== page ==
The full title of the article is “What’s Good for Boyle Heights Is Good for the Jews”: Creating Multiculturalism on the Eastside during the 1950s by George J. Sanchez

Download the pdf from Muse here

or from us at LA Eastside here

Friday Fun

Louis CK-On Being White

Okay, so I know this clip has nothing to do with the Eastside…or does it? I’ll leave that decision up to you. But you know what? It’s funny, it’s Friday and I’m all about the goodtimes.

Botanitas: March 19, 2009

The Mysterious Ghostly Trash Receptacle of Lincoln Heights

Botanitas is an ongoing feature bringing you stories and news from various sources, upcoming events and other bits of ephemera that might be of interest to LA Eastside readers. Suggestions welcome!

So many events this week, so little time! Only boring people can be bored in a city like Los Angeles. That’s right, I said it. You got a problem with my philosophy? Leave it in the comments section. This edition of Botanitas is chockfull of Eastside concerts, art shows and places to be seen. Read ahead for the scoop. *Updated this morning*

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Memorial in Highland Park

The family of Alejandro Garcia has been keeping vigil at this memorial everyday, hydrating the flowers and answering the questions of passerbys. This past Monday would have been the sixteenth birthday of Carlos Hernandez.

Last Friday, two young boys, Alejandro Garcia, 16 and Carlos Hernandez, 15 were gunned down on their walk home from Franklin High School on the busy North Figueroa corridor. Police and eyewitness reports say the incident started initially as a brawl before it turned deadly.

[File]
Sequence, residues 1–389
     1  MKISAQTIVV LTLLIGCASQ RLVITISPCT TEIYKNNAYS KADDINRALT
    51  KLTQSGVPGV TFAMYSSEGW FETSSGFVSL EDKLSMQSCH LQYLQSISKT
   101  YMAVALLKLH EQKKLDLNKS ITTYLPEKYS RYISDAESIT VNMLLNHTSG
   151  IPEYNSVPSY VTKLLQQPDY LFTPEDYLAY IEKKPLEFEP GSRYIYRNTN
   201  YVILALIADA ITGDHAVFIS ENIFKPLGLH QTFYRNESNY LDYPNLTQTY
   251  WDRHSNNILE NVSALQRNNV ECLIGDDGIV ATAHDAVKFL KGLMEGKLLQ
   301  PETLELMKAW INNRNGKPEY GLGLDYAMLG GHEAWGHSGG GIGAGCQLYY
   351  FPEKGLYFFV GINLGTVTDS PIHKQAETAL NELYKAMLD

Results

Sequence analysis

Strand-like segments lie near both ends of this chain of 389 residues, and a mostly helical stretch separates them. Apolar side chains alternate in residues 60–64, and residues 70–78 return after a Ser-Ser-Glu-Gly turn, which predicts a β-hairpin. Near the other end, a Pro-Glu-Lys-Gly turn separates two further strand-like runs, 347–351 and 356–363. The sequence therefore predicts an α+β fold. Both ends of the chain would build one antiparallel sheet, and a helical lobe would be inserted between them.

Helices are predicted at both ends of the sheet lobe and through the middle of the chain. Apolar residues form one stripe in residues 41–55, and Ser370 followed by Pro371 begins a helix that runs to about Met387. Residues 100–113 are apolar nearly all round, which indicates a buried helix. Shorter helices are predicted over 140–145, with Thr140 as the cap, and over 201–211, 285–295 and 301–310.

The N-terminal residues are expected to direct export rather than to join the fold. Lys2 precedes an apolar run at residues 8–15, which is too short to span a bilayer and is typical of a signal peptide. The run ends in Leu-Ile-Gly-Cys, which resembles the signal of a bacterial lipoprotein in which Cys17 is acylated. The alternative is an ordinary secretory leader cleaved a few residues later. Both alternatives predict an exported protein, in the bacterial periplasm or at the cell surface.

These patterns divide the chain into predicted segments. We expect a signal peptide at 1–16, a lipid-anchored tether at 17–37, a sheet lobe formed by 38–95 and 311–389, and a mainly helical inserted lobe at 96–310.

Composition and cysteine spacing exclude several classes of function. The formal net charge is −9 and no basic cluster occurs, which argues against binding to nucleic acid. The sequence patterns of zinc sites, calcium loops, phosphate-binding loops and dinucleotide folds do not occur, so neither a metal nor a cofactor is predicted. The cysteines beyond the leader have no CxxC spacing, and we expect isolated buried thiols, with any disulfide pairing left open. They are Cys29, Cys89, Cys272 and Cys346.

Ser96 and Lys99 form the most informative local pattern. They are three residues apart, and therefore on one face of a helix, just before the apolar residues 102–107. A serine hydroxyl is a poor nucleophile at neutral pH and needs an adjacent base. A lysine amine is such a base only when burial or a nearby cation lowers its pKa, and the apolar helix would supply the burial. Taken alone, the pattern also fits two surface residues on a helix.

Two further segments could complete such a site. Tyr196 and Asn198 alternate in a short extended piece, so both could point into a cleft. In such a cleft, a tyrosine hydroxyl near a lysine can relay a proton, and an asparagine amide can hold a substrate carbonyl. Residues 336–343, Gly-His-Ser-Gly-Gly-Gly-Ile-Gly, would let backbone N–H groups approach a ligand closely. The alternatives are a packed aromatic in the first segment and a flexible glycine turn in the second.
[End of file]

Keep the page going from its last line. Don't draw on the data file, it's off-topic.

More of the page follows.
I’m a bit late in mentioning this story because I was out of town when it happened but I’ve been wondering, what excuse does the Los Angeles Times have? All they’ve got on this tragic story is a small blurb on one of their blogs. That’s pathetic. People have left comments on the LA Now blog expressing similar sentiments. There have been more shootings in the area and still no coverage. Well, at least the Times wasn’t posing outrageous questions to their readers, like whether or not they felt safer with the deceased gone.
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The Rough Rider


Get your mind outta the gutter you freaks !!! This is a family site. Ok. So last week I paid a visit to the staff of the Roosevelt High newspaper, The Rough Rider. And lemme tell ya, these kids have moxie. I’ve ran into a few of them here and there, mostly at the classic because as a reporter, we can smell our own kind. The nature of my visit was to talk about how the media portrays undocumented residents and how I, as an undocumented resident, use the media to champion my crusade. That’s what I should have talked about, but when I get the spot light I tend to trail off. In fact, the whole time I was there I spent it talking about my life experiences, how I hustle my writing and other adventures I’ve lived through. 

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Purim in Los Angeles


Hey, it’s St. Patrick’s Day so I thought I’d share a few pics of that other drunken ethnic holiday: Purim! For those not in the know, which includes me, it’s apparently a Jewish day of celebration and required drunkeness. So where’s my invitation?

At one point, this holiday must have been common in Boyle Heights. Now it’s probably only big on the Westside. Click ahead for a few pics.